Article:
The lack of will may cause problems going forward if the siblings are not on good terms or if the father was married to an estranged wife.
  • longwalks1
    longwalks1 Posts: 3,701
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    Thank you everyone for your advice, we’re going up to see him first thing tomorrow and will take your advice with us and help where we can
    thanks again 
  • longwalks1
    longwalks1 Posts: 3,701
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    As others have said nothing needs to be done immediately. Going forward whoever is going to administer the estate needs to inform the local authority (council tax) and the energy suppliers. If the son is going to be staying there he will become responsible for those bills so probable with taking meter readings ASAP.

    The lack of will may cause problems going forward if the siblings are not on good terms or if the father was married to an estranged wife.
    Hi Keep Pedalling
    ill get him to take meter readings tomorrow, and thankfully the son gets on well with his only brother, they are very close.  Theres no estranged wife (they were divorced 12 years ago and she’s now my long term partner).
    there are a couple of troubled, absent brothers of the deceased who we are expecting to turn up out of the blue for handouts like they have done in the past.  

    Sadly, we are preempting the estate being fought over especially with no will, so no doubt I’ll be back for advice in the future.  Hoping it won’t be too stressful for the boys.
    thanks again everyone 
  • With just 2 children it’s a case of slitting the estate 50/50. The complication is that one of them lives in the house. Not a problem if their father owned other assets of equal or higher value, but if the house makes up the bulk of the estate it will need to be sold for a fair distribution to take place although a deed of variation to give the occupant a life interest would be a possibility.
  • molerat
    molerat Posts: 31,520
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    longwalks1 said:
    Sadly, we are preempting the estate being fought over especially with no will, so no doubt I’ll be back for advice in the future.  Hoping it won’t be too stressful for the boys.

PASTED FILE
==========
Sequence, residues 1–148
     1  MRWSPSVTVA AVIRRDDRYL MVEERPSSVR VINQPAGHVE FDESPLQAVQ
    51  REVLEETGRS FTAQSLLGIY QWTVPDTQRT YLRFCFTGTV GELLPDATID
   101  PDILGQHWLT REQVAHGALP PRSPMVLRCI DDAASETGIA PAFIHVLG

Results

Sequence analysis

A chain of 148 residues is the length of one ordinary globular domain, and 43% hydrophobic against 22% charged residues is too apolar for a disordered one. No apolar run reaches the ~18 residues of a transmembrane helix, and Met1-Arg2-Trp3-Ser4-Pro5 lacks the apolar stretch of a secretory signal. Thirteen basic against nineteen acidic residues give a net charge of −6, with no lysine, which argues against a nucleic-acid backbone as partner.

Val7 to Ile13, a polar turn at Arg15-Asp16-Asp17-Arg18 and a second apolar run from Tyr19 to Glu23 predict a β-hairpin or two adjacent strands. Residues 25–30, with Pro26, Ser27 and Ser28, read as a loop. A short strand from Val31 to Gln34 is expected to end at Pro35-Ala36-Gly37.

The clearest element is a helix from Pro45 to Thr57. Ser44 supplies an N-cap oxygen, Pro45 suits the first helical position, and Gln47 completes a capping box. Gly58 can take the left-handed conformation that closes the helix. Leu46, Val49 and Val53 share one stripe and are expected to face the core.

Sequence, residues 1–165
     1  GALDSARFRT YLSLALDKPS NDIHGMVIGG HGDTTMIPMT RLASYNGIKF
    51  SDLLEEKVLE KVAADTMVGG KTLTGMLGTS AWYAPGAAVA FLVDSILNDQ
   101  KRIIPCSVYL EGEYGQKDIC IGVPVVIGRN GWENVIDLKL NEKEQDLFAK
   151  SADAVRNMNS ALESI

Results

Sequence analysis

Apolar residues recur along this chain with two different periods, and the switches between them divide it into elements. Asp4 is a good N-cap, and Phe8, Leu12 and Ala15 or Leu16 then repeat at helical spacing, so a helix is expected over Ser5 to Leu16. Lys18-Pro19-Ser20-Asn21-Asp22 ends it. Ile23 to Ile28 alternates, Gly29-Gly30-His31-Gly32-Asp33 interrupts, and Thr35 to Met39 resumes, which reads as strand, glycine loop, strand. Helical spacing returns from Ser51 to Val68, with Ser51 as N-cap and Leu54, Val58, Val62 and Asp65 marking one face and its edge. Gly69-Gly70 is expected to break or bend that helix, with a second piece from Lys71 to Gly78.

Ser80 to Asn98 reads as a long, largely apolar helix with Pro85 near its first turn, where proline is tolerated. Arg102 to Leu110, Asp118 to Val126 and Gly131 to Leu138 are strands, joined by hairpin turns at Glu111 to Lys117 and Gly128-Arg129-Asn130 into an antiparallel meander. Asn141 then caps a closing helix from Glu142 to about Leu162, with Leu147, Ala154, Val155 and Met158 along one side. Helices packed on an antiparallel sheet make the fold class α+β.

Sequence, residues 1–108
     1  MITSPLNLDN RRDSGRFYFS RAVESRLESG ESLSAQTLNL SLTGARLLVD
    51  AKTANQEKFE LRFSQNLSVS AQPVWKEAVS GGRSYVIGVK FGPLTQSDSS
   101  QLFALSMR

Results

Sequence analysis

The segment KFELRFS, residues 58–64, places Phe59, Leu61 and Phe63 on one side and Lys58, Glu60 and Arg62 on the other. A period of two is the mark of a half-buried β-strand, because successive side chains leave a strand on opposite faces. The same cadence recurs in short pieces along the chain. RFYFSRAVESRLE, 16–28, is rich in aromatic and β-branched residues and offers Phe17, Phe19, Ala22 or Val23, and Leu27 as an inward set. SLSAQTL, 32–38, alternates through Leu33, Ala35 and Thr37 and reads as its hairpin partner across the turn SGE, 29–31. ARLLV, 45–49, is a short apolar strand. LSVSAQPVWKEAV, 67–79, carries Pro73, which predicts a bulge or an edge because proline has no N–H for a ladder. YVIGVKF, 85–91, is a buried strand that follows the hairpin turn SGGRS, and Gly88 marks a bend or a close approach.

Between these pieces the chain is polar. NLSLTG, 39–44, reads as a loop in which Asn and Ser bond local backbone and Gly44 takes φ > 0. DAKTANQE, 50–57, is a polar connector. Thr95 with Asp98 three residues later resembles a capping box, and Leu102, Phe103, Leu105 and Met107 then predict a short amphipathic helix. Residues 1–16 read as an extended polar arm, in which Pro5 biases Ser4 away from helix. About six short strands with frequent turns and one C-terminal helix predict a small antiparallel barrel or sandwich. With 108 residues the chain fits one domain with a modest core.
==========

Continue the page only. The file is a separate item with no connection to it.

thanks again everyone 
    With two (true blood) sons there is nothing to fight over apart from between themselves, no one else is in line for anything, so as long as they get on there should not be any problems

  • Mojisola
    Mojisola Posts: 35,544
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    there are a couple of troubled, absent brothers of the deceased who we are expecting to turn up out of the blue for handouts like they have done in the past.
    If there's any chance that they have a key to the house, get the locks changed asap.
    If any neighbours might have a key and be sweet-talked into giving it to the brothers, get that back.
  • Marcon
    Marcon Posts: 9,937
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    edited 27 December 2023 at 2:28PM
    molerat said:
    longwalks1 said:
    Sadly, we are preempting the estate being fought over especially with no will, so no doubt I’ll be back for advice in the future.  Hoping it won’t be too stressful for the boys.
    thanks again everyone 
    With two (true blood) sons there is nothing to fight over apart from between themselves, no one else is in line for anything, so as long as they get on there should not be any problems

    Wouldn't stop the absent brothers from having a pop at the estate, possibly by registering a caveat or claiming they had expectations of being 'provided for if they've been given handouts in the past. Nothing anyone can do except deal with the situation if it arises.
    Googling on your question might have been both quicker and easier, if you're only after simple facts rather than opinions!